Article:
Dark Skies Discovery Sites Church Stretton

A Dark Skies Discovery Site is a place where the Milky Way (not the chocolate bar) is visible in the night sky with the naked eye. There are four Dark Skies Discovery Sites across the Long Mynd, Church Stretton.

The Milky Way over the Swiss Alps

These locations need to be accessible to the public and have a good clear view of the sky to be accepted as a Dark Skies Discovery Site.

There are degrees of classification, Milky Way Class being the highest. The degree of darkness determines the classification.

The four sites at Church Stretton are at Carding Mill Valley, Cross Dyke Car Park at Boiling Well, Pole Cottage and Shooting Box Car Parks, and are shown on the map below.

An OpenStreetMap of Dark Skies Discovery Sites, Long Mynd, Church Stretton

OpenStreetMap of Dark Skies Discovery Sites

Star in Your Skies organises events on Long Mynd supported by Shropshire Astronomical Society.

Events are often arranged at short notice by local enthusiasts and of course weather-dependent.

Stars In Your Skies Walk 20th June 2019, starting at 10pm in Carding Mill Valley. It is a two hour stroll around Carding Mill Valley and the foothills of the Long Mynd. Lots of facts figures and stories to keep you entertained. £6 guided walk. www.churchstrettonwalkingfestival.co.uk

Solstice Sleepout organised by the National Trust , look at events for Carding Mill Valley, on the 20th and 21st June 2019. See Sunset and Sunrise under the stars. Booking is essential £20. Bring warm clothing and a small tent. Meeting at 10p.m. place to be arranged.

I am certainly thinking of doing the walk.

The image at the top of this post shows the night sky during the lunar eclipse over the Swiss Alps. Along with the eclipsed moon, visible in the photo are Mars below the moon, Saturn in the middle, and Jupiter to the right. The Milky Way arises above them all, shining through wispy high clouds. Numerous satellites and aircraft make it a happening Friday evening in the sky. The image is from Wikimedia and is licensed under the Creative Commons Attribution 2.0 Generic license.

The Wikimedia article on Church Stretton notes that the town was once nicknamed “Little Switzerland”.

Hill Bagging

Long Mynd

Long Mynd

I knew about Munro bagging but had not realised there was other classifications for hills and mountains.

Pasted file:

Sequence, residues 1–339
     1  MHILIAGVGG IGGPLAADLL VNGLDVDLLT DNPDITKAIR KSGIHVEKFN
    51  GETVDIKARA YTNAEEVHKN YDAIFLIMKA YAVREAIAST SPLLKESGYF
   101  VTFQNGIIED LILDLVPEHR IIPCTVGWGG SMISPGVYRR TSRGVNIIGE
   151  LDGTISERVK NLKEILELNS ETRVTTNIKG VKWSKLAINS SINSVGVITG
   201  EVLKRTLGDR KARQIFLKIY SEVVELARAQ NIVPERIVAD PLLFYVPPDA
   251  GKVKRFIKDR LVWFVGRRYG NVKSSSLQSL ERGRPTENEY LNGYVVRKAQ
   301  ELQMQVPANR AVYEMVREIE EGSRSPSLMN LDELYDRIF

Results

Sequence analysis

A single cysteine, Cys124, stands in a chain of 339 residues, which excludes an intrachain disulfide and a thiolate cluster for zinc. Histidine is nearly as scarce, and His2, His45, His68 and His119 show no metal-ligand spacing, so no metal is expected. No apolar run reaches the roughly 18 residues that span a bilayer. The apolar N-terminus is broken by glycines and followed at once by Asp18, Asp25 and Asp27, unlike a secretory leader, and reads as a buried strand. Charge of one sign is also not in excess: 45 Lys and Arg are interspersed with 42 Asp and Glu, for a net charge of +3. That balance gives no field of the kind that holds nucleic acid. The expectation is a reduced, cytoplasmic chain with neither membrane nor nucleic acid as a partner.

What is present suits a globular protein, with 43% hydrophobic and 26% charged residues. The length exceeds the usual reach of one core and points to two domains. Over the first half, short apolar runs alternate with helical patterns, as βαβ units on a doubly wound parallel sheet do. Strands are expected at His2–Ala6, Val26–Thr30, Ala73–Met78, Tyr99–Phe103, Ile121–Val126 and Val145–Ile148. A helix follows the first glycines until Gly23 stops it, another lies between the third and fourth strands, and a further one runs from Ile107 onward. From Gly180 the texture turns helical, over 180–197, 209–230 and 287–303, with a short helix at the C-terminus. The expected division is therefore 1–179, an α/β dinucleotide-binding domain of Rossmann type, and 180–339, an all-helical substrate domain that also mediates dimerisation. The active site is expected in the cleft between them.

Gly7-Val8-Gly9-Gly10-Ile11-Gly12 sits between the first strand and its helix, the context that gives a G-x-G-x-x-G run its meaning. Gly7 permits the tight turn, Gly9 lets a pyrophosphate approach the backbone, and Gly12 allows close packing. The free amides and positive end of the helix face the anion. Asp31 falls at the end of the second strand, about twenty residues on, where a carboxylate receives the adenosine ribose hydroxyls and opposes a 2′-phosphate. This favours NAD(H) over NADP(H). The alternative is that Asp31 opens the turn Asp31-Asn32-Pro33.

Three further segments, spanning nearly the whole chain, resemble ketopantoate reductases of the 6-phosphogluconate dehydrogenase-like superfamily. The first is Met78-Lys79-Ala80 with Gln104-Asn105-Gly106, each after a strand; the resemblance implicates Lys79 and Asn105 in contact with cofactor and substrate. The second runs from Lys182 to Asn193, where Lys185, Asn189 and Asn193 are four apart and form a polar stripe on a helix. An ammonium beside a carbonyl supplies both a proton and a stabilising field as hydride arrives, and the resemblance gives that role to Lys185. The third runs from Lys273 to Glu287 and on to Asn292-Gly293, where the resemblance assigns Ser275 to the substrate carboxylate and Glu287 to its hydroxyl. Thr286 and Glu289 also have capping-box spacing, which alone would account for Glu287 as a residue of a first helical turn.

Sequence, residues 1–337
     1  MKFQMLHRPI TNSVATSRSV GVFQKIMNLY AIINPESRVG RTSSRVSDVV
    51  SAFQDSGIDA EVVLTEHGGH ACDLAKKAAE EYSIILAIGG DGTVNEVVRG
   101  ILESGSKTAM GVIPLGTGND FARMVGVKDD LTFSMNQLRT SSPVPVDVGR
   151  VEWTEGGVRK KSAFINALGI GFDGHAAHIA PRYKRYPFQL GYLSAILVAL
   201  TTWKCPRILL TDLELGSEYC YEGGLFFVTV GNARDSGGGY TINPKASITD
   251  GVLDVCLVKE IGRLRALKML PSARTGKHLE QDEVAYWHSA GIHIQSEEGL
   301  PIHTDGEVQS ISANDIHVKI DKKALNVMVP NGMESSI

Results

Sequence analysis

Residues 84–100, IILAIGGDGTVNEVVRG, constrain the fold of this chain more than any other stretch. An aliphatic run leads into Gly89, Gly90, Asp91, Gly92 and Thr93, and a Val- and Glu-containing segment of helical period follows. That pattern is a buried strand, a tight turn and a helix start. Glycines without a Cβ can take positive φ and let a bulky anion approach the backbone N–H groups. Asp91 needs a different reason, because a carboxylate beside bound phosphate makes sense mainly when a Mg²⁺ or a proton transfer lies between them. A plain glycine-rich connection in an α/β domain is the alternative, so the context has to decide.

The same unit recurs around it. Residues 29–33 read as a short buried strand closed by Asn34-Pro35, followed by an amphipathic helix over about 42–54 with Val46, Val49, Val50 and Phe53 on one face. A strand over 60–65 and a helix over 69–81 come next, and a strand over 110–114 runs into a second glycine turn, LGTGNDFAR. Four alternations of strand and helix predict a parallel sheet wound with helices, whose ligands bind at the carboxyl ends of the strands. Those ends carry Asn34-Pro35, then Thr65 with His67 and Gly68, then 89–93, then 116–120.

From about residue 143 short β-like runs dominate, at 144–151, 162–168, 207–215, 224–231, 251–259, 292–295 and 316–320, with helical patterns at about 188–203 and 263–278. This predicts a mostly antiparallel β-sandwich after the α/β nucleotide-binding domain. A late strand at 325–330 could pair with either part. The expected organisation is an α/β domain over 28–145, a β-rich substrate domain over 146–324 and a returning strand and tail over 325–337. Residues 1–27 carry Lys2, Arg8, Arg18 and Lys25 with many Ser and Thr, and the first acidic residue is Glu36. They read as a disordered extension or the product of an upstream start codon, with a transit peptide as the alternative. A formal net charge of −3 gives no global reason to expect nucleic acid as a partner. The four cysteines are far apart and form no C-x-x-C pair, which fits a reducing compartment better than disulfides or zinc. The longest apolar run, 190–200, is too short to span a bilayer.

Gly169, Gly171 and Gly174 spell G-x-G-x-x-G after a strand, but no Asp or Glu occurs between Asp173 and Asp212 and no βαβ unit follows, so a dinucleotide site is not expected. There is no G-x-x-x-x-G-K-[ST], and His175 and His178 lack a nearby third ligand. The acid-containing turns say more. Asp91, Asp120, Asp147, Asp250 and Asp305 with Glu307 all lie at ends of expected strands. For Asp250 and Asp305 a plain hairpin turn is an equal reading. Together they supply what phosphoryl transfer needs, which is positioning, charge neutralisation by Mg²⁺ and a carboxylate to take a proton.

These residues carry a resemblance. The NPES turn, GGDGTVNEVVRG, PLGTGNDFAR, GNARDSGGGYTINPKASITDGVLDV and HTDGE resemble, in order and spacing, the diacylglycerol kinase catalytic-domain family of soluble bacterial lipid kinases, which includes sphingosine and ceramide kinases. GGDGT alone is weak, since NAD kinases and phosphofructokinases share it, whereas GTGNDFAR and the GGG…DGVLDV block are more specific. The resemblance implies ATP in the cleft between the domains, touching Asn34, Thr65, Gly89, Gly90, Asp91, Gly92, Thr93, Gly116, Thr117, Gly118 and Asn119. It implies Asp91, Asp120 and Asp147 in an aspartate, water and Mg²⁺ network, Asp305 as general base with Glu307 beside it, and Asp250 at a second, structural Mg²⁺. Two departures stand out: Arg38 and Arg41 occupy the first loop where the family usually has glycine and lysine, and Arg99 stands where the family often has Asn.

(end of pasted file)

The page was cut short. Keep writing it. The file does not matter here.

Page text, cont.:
A Munro is a mountain over 3,000 feet. If haven’t you heard of Munro bagging, it is where some people who like climbing,  climb all the mountains in Scotland over 3,000 feet? Their aim being to climb all the Munros.

I was looking up some information on Titterstone Clee and Brown Clee and kept wondering what the little bit saying Marilyn meant. When I looked it up I found this whole world of other classification for hills and mountains.

I am not going to explain them all here but there are names like Wainwrights, Donalds and Tumps. Tumps in Shropshire are burial mounds, and probably in other parts of the country as well.

These classifications are said to give climbers something to aim for, others say it devalues climbing.

However you feel towards these classifications it is still interesting subject.

In future look for the hill classifications in blogs about Shropshire Hills.

The image above is a view of Church Stretton and Long Mynd taken near the summit of Caer Caradoc, Shropshire by Copsewood from Wikimedia Commons and used under the Creative Commons Attribution-Share Alike 3.0 Unported license.

Long Mynd

Bodbury Hill From The Burway on Long Mynd

Bodbury Hill from The Burway on Long Mynd

The Long Mynd is the back drop to Church Stretton, seven miles north of Craven Arms.

The Long Mynd is approximately 7 miles long by 3 miles wide. The highest point is Pole Bank at 516 metres (1,693 feet) above sea level. It is classed as a Marilyn.

Much of the Long Mynd is owned and managed by the National Trust and falls within the designation of the AONB (Area of Outstanding Natural Beauty).

The National Trust have a Visitor Centre in Carding Mill Valley which has a an exhibition and a tearoom. Many activities are put on over the year.

There are many indications of ancient human activity on Long Mynd.

The Portway runs the length of the Long Mynd. It is a Drovers Route which is thought to have linked up with the Kerry Ridgeway.

There are twenty tumuli, of which one had a Shooting Box on it until 1992 and to this day is called the Shooting Box Barrow.

There are also three dykes, Bannister Plain Cross Ridge Dyke, High Park Cross Ridge Dyke and Devils Mouth Cross Ridge Dyke. They separated areas of moorland and are thought to be 1,500 years old, unfortunately in some places they have been damaged in more modern times.

Bodbury Ring is a small Hill Fort. It sits above Carding Mill Valley and looks over to Caer Carodoc and Lawley both of which have hill forts at the top of them.

As you can see there is lots of human activity to look at but also lots of wildlife to observe as well. There are lots of walks up to the plateau of Long Mynd and from the car parks up on the Mynd.